National Coming Out Day

Coming out is scary. It doesn’t matter if you know that the person you’re coming out to is going to be fine with it; there’s still the worry of “what if,” because really, how can you know? It’s still revealing something very personal, something you’ve probably been keeping hidden inside for a long time and thinking about a lot. What if coming out changes everything?

Coming out is personal. It’s not about the person you’re coming out to. It’s not because they “deserve to know.” It’s because you want to share this part of yourself with them, you want to not have to hide yourself around them. It’s because you want to be visible, you want to be who you are – not because the world thinks you should be visible, not because the queer community wants you to be visible.

Coming out is a relief. It’s a lifting of pressure, internal and external.

Coming out is never over. There are always new people to come out to. At some point, perhaps coming out becomes a thing you can do casually, and then perhaps it becomes being out.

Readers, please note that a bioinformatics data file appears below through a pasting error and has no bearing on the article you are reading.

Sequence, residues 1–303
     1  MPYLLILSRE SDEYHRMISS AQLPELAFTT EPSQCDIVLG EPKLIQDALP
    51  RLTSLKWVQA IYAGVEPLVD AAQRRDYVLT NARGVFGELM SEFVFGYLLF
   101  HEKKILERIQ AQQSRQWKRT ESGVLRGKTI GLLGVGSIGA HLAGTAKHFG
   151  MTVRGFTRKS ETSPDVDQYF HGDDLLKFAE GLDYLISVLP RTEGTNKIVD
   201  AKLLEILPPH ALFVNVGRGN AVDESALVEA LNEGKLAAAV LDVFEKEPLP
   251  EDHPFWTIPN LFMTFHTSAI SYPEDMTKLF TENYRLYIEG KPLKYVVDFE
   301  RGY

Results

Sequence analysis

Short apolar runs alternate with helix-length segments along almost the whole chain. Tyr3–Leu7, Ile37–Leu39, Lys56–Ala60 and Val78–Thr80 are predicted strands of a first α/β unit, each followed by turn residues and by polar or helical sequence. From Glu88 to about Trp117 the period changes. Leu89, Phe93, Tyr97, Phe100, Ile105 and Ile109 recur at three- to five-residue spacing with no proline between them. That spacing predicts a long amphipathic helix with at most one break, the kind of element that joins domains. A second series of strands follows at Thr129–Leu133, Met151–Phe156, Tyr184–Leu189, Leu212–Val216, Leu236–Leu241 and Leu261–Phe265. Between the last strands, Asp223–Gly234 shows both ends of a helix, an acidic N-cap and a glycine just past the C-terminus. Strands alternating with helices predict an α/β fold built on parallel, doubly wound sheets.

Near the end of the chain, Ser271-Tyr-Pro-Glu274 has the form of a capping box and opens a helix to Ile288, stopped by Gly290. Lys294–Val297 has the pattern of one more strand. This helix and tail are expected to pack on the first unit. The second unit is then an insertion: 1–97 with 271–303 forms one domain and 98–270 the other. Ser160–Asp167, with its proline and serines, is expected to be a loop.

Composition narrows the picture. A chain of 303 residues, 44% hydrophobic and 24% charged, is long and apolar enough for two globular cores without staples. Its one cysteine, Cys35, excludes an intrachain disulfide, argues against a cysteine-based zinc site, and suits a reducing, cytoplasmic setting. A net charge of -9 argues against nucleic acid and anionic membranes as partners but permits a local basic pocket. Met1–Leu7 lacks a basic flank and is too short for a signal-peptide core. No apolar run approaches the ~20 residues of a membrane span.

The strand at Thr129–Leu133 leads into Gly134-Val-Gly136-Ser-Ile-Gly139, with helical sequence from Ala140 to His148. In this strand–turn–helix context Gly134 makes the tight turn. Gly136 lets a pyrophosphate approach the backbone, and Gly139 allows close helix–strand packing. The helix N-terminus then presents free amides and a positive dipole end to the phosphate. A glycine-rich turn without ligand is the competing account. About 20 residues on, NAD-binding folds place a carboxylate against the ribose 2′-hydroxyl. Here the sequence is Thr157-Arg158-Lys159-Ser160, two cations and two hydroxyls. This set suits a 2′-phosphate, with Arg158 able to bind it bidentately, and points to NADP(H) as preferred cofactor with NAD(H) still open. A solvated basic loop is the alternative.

Being out is a mystery to me, but it’s one I’d like to figure out. How can I be out when talking about sexuality and attraction isn’t a thing I do? Is it not a thing I do because I’m pretty much in the closet? Are there other ways to be out? Being out is about being who you are, but who am I?

I am asexual. I am hovering somewhere in the realm of greyromantic and aromantic. Sometimes I’m attracted to people, and those people are of any gender.

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